I don't agree with gimglish, but perhaps am i wrong . In my last lesson : you wrote about " i am not deranging you" that my answer was wrong :
This sentence is incorrect. If someone is 'deranged', then they are 'mad', 'crazy', or 'insane'. Literally, 'to derange someone' would be to make them insane or crazy, but this does not sound very natural in English.
In my favorite dictionary : " â€¢ archaic intrude on; interrupt : I am sorry to have deranged you for so small a matter.
What do you think ? Thanks for answering me. G.
"archaic intrude on; interrupt : I am sorry to have deranged you for so small a matter".
I personally don't want to speak/write with words that are no longer in use... You can use literate terms, but archaic ones...
Beware of false friends, too. You can have words with several meanings in your language, some with the same signification/translation, others no. Deranged is one of them : in french 'dérangé' is a term with 2 meanings (in fact one is the adjective, the other the verb), in english these meanings are translated by different terms, one is 'deranged' and the other 'bothered' or 'disturbed'.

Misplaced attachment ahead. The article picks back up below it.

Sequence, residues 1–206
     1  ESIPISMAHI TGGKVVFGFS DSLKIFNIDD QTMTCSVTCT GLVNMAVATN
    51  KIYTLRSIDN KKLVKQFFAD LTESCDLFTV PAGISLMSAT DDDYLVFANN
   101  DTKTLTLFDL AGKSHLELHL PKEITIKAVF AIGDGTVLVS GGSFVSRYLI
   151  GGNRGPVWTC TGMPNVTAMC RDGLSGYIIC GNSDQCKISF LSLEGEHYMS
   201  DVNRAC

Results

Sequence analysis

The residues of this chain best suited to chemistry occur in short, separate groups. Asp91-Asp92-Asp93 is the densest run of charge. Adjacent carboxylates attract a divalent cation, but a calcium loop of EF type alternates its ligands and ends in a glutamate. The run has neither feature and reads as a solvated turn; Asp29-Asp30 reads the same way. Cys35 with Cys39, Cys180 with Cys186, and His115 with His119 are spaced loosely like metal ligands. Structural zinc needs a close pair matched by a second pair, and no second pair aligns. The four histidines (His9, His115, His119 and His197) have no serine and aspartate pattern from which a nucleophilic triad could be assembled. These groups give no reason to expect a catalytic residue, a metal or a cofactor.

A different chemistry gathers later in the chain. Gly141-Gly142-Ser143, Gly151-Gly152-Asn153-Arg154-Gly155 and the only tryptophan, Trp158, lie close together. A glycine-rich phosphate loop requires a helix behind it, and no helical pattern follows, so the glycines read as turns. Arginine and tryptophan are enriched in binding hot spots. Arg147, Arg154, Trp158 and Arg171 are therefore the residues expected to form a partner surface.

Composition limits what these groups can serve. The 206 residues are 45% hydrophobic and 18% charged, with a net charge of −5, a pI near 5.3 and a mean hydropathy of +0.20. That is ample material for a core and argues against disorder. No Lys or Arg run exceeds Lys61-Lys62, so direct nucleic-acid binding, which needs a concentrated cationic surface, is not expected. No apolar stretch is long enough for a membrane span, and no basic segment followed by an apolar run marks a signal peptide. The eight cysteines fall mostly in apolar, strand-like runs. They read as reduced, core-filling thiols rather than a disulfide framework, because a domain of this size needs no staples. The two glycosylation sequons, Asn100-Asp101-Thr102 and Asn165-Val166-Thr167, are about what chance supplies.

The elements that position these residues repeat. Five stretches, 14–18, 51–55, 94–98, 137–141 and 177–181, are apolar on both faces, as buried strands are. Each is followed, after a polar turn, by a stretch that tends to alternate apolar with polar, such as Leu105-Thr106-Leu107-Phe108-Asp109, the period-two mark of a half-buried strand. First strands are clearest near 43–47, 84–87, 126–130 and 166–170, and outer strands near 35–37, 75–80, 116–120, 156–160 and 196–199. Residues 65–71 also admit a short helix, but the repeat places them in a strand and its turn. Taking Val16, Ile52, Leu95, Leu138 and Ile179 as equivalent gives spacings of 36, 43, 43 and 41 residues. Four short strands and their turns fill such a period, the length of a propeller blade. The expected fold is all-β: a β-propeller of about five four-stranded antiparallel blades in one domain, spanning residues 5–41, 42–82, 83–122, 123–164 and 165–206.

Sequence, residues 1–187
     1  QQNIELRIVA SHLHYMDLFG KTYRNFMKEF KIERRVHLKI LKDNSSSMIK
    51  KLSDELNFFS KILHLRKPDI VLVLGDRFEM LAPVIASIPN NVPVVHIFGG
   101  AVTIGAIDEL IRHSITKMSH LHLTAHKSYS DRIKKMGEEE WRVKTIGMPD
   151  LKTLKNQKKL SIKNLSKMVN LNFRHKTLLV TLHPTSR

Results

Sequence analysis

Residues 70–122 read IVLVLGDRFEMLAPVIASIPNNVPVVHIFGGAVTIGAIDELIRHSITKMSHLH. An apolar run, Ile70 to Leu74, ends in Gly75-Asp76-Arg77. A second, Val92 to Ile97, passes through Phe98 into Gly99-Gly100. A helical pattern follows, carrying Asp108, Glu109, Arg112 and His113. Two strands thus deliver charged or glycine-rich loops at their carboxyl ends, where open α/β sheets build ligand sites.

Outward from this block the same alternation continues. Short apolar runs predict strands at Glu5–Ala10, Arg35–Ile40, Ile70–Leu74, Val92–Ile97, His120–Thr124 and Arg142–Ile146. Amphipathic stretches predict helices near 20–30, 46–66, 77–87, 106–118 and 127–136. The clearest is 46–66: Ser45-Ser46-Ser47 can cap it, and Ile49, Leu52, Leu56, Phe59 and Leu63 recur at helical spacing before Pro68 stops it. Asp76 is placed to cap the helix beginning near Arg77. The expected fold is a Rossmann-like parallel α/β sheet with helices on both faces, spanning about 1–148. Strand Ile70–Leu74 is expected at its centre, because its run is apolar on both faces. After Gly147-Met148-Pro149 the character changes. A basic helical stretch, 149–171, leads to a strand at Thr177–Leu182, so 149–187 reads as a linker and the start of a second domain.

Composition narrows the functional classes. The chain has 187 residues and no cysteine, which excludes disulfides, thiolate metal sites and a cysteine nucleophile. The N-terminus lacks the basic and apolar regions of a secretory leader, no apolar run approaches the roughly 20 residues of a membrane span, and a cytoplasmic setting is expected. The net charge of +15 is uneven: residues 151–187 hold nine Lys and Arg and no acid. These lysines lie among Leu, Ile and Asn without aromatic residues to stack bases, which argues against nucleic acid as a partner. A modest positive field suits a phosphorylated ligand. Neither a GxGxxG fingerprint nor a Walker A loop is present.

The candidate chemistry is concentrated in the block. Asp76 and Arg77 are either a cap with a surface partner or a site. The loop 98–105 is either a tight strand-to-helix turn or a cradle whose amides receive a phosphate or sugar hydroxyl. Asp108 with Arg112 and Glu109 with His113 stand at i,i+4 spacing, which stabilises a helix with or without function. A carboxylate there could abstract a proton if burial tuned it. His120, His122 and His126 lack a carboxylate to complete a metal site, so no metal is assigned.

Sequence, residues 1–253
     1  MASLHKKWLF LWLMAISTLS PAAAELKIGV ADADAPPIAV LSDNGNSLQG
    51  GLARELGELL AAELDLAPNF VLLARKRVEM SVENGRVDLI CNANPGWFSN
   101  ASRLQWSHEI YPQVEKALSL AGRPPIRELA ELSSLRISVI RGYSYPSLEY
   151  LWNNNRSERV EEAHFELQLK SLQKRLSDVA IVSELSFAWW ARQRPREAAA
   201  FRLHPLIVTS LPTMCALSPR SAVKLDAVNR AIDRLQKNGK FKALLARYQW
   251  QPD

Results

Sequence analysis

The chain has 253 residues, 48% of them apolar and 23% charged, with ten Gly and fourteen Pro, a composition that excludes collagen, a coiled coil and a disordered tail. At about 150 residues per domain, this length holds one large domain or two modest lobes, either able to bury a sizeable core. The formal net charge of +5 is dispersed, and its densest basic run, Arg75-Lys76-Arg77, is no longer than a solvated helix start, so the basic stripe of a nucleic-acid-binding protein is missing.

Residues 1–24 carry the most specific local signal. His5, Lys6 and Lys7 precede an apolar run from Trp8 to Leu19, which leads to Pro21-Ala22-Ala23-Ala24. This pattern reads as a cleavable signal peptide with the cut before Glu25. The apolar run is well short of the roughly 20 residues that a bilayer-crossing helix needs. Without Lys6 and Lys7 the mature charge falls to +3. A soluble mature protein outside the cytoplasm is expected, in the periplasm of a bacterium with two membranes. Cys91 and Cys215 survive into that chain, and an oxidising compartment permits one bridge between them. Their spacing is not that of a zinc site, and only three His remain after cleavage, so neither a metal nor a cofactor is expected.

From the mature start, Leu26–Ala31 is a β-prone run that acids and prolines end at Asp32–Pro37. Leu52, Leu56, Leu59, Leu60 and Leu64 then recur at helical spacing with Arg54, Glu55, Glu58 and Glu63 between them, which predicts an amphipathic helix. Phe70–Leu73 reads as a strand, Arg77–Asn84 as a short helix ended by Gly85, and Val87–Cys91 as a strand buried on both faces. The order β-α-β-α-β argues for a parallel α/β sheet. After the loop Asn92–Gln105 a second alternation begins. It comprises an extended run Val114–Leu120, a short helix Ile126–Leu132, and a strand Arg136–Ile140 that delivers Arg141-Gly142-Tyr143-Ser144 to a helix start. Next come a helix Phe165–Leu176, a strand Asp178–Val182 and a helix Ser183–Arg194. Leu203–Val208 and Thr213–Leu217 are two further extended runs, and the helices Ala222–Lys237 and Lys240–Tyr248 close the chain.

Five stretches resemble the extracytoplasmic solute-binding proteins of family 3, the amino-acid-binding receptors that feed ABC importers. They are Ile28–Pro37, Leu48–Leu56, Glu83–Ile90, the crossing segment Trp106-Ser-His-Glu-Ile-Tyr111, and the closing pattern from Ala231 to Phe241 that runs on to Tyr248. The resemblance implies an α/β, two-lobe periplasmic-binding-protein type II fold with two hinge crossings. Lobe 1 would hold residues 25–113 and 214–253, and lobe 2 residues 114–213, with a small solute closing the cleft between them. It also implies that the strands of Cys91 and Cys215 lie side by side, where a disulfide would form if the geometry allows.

The subtleties of english language, as I said elsewhere... ;)
Well, there is a common meaning to both versions "deranged" and "to derange sth." in the English versions:
"to derange" as the counterpart, the opposite of "to arrange" is contained in both words, that is "to destory order", "to confuse", "to disarrange".
"deranged" as the adjective has only made it's way to a special application and is mostly limited to that special meaning: The mind of person who is deranged is "confused". Here is the original meaning "confused" again.
Both Spoiler and Idoine are right. You can see the origin of the meaning of the word "derange". However, it is archaic or old-fashioned to use it to mean the equivalent of "déranger", so it is best to avoid it unless you are talking about a person who is mad!